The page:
A 1920s facility, Dudley Coe is finding it difficult to keep up with the growing needs of the student body in its current location.
With more Bowdoin students on prescription medications than ever before, according to College Physician and Director of Health Services Jeff Benson, and the health center diagnosing and treating increasingly more serious conditions, Benson is pleading for a renovated college health center?one that is, at the very least, handicap accessible.
The anticipated location for the new health center is Jewett Hall, which is adjacent to Thorne Hall and currently houses an electronic music lab and several administrative offices.
"The problem with Dudley Coe is that structurally and architecturally, it's a very difficult building to renovate," Benson said.
According to Benson, a new facility would not necessarily mean more staffing, but rather, more efficient patient flow. At most medical facilities, each physician has multiple examination rooms in addition to a separate office in which test results are given. In Dudley Coe, however, each practicing staff member's examination room doubles as his or her office. This limits each staff member to seeing one patient at a time, even when waiting for test results.
The health center has seen increased patient flow since implementing limited weekend hours starting November 20 that are scheduled to continue until Spring Break every weekend while classes are in session, costing Dudley Coe a total of $2,000. Dudley Coe saw twelve students the first weekend and eleven the second, and 90 percent of the visits were "entirely appropriate" and should not have waited until Monday, according to Benson.
"People have real medical needs and it feels good to be able to take care of them," Benson said. "No matter what the financial situation is, it's really hard to argue with $2,000."
A new facility would also provide the opportunity to offer physical therapy.
Benson proposed the idea of a new health center facility at the most recent Board of Trustees meeting in October.
"The importance of the meeting with the Trustees was to broaden awareness of the full range of illnesses and diseases that undergraduates at Bowdoin face that are diagnosed and treated at the health center," Dean of Student Affairs Craig Bradley said.
"A new health center facility is a well-understood need in terms of campus planning," Bradley said.
At his presentation before the trustees, Benson shared the results of an informal study he conducted, in which he pulled every eighth chart of first years and seniors until he had 50 from each of the two classes. He then compared the number of students from each class who were on prescriptions (not including birth control) upon arrival at Bowdoin to see whether students entering college today are on more medications than those who entered college three years ago.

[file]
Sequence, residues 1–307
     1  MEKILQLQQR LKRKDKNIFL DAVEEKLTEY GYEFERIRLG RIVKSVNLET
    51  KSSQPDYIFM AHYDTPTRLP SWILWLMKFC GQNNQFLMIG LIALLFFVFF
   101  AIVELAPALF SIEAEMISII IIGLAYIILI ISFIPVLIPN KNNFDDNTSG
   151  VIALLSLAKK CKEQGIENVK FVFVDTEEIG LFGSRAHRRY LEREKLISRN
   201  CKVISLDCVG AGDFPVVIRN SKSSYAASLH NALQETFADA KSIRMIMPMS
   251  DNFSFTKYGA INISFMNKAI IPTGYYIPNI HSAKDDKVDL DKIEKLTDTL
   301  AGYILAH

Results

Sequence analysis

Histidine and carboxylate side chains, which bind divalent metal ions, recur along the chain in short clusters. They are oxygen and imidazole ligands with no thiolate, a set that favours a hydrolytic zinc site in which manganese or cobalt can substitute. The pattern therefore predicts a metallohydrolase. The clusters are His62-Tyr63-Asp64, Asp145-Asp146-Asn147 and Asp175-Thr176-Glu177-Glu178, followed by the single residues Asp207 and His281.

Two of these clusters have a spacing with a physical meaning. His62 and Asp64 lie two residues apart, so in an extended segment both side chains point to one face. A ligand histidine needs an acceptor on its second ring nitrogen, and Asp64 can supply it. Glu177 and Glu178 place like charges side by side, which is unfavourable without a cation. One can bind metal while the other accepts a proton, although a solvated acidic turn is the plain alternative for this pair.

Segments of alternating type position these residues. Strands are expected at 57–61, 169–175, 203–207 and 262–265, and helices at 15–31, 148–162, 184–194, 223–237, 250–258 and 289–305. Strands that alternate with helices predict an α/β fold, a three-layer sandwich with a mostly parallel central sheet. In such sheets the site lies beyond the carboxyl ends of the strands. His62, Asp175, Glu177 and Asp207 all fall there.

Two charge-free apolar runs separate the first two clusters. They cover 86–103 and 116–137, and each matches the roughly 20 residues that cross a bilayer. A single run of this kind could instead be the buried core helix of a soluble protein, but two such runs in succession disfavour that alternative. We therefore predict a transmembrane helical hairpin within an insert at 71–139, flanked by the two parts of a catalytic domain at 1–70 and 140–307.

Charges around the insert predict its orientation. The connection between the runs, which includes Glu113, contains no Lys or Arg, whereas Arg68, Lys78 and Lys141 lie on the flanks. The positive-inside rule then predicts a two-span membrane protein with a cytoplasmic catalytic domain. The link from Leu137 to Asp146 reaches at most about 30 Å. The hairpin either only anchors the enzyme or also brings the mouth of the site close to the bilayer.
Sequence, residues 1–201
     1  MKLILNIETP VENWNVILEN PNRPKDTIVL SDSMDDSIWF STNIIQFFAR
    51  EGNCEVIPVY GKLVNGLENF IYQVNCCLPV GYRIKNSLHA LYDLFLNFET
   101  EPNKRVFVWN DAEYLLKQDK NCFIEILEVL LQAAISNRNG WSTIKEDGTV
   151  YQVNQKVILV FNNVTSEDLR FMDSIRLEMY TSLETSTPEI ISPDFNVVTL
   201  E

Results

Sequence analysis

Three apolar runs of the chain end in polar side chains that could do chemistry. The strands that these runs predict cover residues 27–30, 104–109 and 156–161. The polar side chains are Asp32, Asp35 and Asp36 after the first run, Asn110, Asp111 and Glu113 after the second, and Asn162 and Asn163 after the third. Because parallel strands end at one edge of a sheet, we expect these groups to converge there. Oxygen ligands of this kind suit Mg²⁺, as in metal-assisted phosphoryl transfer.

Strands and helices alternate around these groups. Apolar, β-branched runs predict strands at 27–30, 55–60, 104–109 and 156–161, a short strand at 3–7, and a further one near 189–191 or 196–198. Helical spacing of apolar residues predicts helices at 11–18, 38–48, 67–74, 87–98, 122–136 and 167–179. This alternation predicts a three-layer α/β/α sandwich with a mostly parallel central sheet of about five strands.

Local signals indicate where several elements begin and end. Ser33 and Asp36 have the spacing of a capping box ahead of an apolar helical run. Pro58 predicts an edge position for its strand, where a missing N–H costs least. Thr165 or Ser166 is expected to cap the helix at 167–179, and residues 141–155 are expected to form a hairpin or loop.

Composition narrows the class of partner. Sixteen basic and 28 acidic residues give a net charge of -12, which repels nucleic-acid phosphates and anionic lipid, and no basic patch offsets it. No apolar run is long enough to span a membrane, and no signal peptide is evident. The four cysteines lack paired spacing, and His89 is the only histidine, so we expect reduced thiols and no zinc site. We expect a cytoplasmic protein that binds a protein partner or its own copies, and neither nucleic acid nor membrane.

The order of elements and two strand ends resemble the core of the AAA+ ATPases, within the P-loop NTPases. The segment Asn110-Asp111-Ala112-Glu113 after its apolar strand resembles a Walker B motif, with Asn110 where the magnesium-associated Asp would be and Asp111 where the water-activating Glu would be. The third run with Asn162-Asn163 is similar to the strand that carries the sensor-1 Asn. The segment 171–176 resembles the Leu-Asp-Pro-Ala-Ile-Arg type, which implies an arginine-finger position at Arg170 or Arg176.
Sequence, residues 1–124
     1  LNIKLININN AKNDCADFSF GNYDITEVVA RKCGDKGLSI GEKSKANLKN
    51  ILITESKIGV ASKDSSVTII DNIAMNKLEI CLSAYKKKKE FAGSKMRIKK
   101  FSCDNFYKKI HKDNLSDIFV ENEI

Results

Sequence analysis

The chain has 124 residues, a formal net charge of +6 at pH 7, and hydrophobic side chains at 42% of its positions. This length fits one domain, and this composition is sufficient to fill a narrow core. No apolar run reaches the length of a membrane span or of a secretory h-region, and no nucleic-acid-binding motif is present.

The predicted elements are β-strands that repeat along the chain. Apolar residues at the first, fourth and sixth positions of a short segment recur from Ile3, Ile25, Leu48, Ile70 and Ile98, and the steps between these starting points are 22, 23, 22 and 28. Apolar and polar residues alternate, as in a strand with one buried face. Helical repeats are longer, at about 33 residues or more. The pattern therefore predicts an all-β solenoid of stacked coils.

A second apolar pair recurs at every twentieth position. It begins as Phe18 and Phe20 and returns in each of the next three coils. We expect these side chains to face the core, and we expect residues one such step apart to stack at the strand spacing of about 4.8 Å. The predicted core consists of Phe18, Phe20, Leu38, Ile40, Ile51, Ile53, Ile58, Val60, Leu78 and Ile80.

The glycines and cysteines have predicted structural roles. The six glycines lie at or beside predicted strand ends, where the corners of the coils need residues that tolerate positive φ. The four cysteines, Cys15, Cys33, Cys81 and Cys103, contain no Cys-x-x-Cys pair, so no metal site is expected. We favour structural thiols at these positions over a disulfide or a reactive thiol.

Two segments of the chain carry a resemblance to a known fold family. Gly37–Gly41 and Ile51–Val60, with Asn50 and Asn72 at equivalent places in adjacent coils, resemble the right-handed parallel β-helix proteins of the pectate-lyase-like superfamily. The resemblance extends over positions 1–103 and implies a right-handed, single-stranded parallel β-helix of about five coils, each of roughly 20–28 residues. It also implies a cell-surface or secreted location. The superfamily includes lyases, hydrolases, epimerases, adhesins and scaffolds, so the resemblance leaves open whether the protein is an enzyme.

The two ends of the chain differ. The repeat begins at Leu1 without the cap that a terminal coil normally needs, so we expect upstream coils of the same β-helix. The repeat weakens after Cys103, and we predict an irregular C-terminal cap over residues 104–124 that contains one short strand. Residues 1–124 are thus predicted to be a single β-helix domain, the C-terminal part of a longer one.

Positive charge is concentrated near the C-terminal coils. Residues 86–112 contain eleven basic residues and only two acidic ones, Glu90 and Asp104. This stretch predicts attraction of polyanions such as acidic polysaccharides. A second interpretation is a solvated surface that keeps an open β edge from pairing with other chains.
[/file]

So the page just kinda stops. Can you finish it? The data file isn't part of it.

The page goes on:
Of the 50 students used in the informal study, there were eight members of the Class of 2006 on two or more prescription medications on arrival compared to 13 current first years, four members of the Class of 2006 on psych medications on arrival compared to six current first years, and ten members of the Class of 2006 on "significant medications" on arrival compared to 12 current first years.
Benson says this shows that students today are entering college on more prescriptions than they were three years ago.
"I'm not sure if it's statistically significant, but it's suggestive," Benson said.
Many of the medications prescribed between freshman and senior year are prescribed through the health center, rather than through family prescriptions, according to Benson. Members of the Dudley Coe staff agreed that the most commonly prescribed medication at the health center is birth control, by far.
"For all of last school year and this semester so far, we've dispensed from our formulary 3,288 packs of OCP's (oral contraceptive pills), 972 Nuvarings (vaginal contraceptive rings), and 672 packs of Plan B (emergency contraception)," Benson said. These prescriptions are free of charge to students and not included in counts of written prescriptions.
After birth control, the most frequently prescribed medications are chronic prescriptions, such as anti-depressants, acne medications, asthma medications, and acid-suppressants, in that order.
A number of serious health concerns were also treated at the health center last year as well, including chronic active Hepatitis B, Crohn's disease, Type 1 Diabetes, and malignant tumors.
"I wanted to focus the trustees' enthusiasm to support certain things?to show that college health centers aren't just for runny noses and sore throats," Benson said.